Identify and Frame a Topic

You should choose a topic, question, or set of issues that matters to you. Make sure it is feasible with the time and sources available.

The best honors theses generally consider very focused topics through which the authors explore broader questions. Tackling "The Impact of the Enlightenment on Women's Education in Europe" would be impossibly broad. Even seasoned historians tend to shy away from such large questions. By contrast, a topic such as "Veterans and the Attica Prison Riot of 1971" might work quite well.

You will need to ground your thesis in primary sources, which may be written (such as documents), visual (such as posters), aural (such as recordings), or a combination (such as films). For topics in recent history, you might also consider collecting oral histories, although in most cases you will need to seek approval from Duke Institutional Review Board (IRB) before you begin your interviews.  The librarians at Perkins-Bostock can provide indispensable guidance for tracking down primary sources at Duke and beyond.

Your thesis should make a contribution to historical knowledge. If you frame your research appropriately — by choosing a compelling historical question for which adequate sources are available — your thesis will meet this standard. In some cases, you may look at sources that no one has considered before. In other cases, you make look at the same sources used by numerous other historians, but extract evidence from them that they have overlooked, or ask questions of them that no one has previously thought to pose.

The Proposal

Your proposal is due three weeks before the start of fall registration. It should be approximately three to four pages in length and include your name, phone number, email address, and the name of your faculty advisor. A faculty member, preferably your advisor, must submit a letter of recommendation on your behalf directly to the Honors Thesis Program Director. Make sure that your proposed advisor is both willing and able to oversee your research.


The body of the proposal should cover the following main elements:

  1. Descriptive title succinctly defining your topic.
  2. Brief description of your topic, including your principal research question.
  3. Brief description of the primary sources that you will use to answer your questions.
  4. Brief description of the scholarly literature that bears on your topic.
  5. One-page bibliography listing the most relevant primary and secondary sources to your inquiry.

(1, 2) Your title and topic

In two to three paragraphs, identify the historical problem that you propose to investigate, suggest how you propose to investigate it, and explain why anybody should care about it. In doing this, you should be able to craft a title for your overall project.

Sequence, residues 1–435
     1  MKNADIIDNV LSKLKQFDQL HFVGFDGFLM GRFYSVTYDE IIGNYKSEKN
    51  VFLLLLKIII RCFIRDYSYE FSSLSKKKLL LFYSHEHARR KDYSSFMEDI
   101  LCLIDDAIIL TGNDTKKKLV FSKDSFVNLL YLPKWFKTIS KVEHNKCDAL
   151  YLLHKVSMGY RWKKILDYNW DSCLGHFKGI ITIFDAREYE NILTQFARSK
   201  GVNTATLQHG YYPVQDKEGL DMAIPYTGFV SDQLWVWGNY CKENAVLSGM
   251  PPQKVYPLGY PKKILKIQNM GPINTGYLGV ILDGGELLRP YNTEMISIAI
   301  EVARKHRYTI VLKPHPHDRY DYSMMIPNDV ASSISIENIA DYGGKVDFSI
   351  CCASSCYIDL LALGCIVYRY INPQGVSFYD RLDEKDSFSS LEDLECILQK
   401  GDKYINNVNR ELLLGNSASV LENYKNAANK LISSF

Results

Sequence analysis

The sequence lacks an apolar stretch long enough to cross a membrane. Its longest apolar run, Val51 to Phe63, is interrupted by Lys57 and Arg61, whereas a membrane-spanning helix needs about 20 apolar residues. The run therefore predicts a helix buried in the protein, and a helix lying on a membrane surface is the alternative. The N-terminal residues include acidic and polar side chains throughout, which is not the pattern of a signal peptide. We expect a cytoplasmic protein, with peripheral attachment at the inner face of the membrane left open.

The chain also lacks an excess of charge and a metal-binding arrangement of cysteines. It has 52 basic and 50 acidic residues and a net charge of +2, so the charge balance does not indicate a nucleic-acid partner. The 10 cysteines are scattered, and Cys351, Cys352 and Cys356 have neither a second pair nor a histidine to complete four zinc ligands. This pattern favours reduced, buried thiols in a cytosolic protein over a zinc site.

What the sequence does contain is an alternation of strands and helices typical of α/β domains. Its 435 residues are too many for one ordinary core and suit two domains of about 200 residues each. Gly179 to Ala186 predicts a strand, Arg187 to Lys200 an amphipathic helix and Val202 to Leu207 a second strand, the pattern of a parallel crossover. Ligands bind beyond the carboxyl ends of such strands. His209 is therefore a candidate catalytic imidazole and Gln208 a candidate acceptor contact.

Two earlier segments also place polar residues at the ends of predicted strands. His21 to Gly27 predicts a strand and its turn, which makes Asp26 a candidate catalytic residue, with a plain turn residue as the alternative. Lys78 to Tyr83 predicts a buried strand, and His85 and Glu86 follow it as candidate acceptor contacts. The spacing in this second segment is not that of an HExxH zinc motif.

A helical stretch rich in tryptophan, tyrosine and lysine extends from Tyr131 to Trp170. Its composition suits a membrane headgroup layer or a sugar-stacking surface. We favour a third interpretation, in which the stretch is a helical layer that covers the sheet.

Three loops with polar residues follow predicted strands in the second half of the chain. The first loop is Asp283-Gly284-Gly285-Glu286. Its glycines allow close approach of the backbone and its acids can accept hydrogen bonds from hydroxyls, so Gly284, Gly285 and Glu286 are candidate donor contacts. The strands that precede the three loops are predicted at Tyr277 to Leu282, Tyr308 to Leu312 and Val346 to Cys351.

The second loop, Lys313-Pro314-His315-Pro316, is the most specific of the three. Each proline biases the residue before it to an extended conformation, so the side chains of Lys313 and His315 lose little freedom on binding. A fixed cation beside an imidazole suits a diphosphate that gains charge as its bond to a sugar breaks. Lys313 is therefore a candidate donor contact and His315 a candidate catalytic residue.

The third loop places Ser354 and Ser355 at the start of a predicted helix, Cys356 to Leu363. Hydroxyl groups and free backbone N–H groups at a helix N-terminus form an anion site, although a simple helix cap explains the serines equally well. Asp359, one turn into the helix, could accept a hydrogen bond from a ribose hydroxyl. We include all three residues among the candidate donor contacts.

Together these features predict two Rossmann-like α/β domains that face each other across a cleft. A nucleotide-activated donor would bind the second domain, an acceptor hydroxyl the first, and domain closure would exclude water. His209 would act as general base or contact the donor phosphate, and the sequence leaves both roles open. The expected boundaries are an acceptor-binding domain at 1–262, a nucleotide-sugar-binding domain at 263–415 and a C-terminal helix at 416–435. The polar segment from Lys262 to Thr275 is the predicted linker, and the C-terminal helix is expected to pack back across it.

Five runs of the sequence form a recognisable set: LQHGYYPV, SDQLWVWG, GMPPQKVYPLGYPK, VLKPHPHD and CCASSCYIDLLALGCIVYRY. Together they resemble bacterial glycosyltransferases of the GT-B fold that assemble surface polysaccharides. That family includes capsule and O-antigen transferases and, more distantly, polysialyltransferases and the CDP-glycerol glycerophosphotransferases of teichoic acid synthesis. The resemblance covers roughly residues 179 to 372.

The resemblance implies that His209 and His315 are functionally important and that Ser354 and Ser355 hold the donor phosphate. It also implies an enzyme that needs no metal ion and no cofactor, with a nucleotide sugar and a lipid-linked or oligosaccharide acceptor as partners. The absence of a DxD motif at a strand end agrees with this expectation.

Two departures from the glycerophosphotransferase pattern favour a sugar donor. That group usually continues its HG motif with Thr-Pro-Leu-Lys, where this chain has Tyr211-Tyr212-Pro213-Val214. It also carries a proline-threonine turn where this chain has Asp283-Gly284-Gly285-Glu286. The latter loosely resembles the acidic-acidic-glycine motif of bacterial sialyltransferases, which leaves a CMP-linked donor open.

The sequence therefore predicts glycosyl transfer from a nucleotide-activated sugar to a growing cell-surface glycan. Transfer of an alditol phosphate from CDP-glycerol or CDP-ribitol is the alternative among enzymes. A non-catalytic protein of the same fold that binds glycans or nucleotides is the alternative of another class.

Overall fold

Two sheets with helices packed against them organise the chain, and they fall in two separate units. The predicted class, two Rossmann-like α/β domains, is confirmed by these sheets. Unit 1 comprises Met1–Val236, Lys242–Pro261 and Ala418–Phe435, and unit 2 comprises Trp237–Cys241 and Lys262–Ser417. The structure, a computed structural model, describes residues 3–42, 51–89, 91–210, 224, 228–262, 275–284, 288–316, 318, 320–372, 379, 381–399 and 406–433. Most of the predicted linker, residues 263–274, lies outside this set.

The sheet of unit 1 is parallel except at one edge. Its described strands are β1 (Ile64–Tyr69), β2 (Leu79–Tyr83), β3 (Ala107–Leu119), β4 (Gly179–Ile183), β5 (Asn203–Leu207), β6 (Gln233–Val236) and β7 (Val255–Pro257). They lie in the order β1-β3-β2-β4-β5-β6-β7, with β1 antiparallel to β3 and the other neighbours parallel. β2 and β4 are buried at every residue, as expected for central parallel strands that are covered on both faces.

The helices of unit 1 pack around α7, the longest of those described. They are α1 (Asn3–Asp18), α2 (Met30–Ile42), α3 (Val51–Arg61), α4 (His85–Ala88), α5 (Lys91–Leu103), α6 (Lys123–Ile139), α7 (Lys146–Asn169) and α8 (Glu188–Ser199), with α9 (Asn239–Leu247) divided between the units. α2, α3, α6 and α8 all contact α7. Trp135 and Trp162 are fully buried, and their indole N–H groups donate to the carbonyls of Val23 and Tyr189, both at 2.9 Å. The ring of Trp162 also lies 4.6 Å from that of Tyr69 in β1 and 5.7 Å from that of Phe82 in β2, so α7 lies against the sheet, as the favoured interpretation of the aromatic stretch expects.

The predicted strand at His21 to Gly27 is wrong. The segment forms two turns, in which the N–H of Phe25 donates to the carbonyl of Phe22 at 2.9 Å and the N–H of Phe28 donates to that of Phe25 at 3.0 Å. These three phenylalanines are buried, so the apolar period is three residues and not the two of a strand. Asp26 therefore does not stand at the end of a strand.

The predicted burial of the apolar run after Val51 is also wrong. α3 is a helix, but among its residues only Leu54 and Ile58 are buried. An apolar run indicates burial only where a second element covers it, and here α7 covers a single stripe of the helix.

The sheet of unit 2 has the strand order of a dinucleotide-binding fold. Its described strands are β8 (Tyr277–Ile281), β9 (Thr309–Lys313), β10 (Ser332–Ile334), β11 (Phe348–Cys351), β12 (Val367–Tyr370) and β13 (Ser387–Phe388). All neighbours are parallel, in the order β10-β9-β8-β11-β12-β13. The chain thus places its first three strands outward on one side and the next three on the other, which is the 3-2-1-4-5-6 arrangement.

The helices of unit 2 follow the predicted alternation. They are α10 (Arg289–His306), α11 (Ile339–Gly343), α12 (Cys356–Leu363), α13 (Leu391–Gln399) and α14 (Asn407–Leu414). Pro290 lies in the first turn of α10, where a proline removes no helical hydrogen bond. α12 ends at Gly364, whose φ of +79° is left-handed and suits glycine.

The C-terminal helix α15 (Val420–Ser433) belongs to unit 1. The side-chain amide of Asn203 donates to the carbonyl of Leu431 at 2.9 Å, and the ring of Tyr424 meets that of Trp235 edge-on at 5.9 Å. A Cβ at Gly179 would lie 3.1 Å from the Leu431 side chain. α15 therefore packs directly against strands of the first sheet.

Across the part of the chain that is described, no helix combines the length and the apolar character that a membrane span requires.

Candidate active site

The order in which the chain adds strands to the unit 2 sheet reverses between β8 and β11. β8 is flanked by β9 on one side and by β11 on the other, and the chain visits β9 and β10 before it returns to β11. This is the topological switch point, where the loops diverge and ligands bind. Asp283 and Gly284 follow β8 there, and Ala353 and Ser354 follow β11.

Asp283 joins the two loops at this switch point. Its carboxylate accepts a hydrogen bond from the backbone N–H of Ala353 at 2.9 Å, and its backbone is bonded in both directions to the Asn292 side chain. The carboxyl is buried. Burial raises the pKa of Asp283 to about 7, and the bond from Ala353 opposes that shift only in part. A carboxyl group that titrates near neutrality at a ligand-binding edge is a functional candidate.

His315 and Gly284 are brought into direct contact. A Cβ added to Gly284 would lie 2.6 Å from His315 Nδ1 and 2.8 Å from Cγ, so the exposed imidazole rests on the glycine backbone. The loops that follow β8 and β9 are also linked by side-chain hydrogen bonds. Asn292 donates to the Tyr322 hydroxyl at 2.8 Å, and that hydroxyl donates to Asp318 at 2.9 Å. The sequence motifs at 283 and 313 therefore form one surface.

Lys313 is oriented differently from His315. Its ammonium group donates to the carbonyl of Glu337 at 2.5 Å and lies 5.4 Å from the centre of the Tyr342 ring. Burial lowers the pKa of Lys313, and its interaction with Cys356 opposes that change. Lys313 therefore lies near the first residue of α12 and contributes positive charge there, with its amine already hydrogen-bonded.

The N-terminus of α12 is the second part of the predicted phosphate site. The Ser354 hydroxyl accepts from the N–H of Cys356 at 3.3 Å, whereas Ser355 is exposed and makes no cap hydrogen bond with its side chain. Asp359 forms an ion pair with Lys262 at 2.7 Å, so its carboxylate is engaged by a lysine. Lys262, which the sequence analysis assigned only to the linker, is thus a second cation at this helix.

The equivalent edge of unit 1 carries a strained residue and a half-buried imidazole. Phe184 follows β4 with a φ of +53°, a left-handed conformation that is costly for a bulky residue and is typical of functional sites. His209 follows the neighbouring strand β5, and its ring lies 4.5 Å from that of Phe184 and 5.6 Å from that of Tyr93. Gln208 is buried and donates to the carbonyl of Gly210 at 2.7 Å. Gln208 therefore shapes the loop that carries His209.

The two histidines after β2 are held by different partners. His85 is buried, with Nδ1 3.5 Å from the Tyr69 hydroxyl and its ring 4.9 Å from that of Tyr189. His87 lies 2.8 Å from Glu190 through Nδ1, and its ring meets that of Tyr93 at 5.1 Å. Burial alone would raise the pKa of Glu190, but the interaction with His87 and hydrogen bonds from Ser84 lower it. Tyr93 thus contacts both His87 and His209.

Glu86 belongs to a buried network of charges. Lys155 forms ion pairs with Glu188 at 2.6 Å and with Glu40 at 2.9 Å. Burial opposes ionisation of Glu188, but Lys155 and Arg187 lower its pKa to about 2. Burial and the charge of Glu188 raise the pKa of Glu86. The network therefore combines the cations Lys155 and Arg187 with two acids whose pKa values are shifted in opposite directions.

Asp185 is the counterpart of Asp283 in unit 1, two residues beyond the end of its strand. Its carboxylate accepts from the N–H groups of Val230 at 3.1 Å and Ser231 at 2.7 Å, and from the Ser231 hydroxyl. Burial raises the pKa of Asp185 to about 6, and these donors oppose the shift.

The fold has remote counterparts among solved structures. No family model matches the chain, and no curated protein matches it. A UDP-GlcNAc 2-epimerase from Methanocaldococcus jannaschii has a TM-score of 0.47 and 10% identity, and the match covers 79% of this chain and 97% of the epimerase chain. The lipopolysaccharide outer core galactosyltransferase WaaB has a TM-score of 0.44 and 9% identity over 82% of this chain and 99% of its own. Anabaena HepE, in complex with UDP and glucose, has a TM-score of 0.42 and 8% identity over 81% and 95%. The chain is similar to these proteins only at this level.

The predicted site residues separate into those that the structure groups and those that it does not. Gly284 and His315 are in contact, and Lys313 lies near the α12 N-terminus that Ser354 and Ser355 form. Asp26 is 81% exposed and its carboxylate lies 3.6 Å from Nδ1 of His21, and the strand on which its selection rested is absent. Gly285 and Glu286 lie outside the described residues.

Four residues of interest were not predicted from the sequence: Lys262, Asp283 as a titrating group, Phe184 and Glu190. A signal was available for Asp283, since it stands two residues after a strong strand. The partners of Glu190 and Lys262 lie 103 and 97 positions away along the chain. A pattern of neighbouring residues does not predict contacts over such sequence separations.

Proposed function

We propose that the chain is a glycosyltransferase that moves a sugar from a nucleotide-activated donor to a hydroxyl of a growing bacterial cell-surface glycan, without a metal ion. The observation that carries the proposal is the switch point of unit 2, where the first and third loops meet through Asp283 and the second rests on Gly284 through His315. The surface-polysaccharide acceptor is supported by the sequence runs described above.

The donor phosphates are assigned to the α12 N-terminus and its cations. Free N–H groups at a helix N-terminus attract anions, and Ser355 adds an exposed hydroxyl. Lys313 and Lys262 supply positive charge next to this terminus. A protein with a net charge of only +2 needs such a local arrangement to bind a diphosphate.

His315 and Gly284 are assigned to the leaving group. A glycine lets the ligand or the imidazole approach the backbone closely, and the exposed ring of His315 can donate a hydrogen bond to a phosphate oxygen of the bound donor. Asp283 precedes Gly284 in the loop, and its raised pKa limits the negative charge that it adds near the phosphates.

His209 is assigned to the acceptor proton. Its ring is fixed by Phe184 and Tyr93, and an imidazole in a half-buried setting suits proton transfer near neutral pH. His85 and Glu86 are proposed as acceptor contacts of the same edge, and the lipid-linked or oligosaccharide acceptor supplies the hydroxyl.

(3) Your primary sources

Here, in a further two to three paragraphs, you should show that you have begun to identify accessible sources that will allow you to answer the questions you would like to pose. You should also indicate how you intend to make use of those sources. You can find leads to possible sources can come from several places, including the bibliography and footnotes of relevant historical scholarship, online databases and catalogs available through the Duke library portal, and consultations with your faculty advisor as well as library or archival staff.

As you think about available primary sources, remember that nothing inherent in the source makes it “primary” — it all depends on the questions you ask of the source. For example, a novel by Ngugi wa’Thiongo would not be an appropriate source if you were investigating how black Kenyan civilians experienced life in detention camps during the guerrilla war of in the 1950s, but it would if you were examining how Kenyan intellectuals depicted life in detention camps.


(4) Your secondary sources

Writing a piece of original research involves joining a conversation already taking place about your topic. You want to familiarize yourself not only with what already has been said but also with the terms of the discussion. Engaging some of the relevant scholarly debates distinguishes a more engaged, analytical research project from a merely descriptive one.

(5) Your bibliography

List the primary and secondary sources you have identified to date.

The proposal you submit constitutes only a starting point; a way to show your seriousness of purpose and viability of your task. Research likely will take you in unexpected directions and topics may shift significantly, but the proposal offers a good vantage point from which to begin.


Finding that vantage point need not be a lonely task. Enlist the help of librarians, the honors program director, and other faculty members in addition to your advisor. One of the most rewarding aspects of the thesis experience is the chance to work closely with other scholars. Those students who make the most of the advising process generally craft the best proposals, and get off to the best start with their research.